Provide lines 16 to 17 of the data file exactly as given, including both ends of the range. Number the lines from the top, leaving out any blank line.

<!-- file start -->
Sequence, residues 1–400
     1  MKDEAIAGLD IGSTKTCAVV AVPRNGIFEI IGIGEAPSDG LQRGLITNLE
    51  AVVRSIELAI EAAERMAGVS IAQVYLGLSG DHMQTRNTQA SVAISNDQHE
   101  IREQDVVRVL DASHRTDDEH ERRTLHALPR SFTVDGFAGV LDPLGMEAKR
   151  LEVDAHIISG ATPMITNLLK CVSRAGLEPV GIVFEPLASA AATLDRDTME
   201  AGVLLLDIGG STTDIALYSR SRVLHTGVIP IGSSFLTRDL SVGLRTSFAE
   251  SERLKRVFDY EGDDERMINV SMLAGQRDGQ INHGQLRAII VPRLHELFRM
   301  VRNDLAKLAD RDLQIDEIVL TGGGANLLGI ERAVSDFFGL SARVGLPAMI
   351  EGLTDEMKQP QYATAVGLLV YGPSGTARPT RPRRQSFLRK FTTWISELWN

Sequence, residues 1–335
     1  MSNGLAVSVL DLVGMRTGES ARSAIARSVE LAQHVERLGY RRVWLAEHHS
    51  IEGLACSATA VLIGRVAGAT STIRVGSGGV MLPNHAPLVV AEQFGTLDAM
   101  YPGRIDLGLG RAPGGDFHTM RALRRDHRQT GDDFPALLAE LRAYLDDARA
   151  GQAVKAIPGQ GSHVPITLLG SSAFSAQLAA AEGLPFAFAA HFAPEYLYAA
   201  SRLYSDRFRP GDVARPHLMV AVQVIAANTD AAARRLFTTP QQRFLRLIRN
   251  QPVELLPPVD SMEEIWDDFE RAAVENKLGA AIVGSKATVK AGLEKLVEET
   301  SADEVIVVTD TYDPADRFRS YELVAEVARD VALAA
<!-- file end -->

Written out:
   251  QPVELLPPVD SMEEIWDDFE RAAVENKLGA AIVGSKATVK AGLEKLVEET
   301  SADEVIVVTD TYDPADRFRS YELVAEVARD VALAA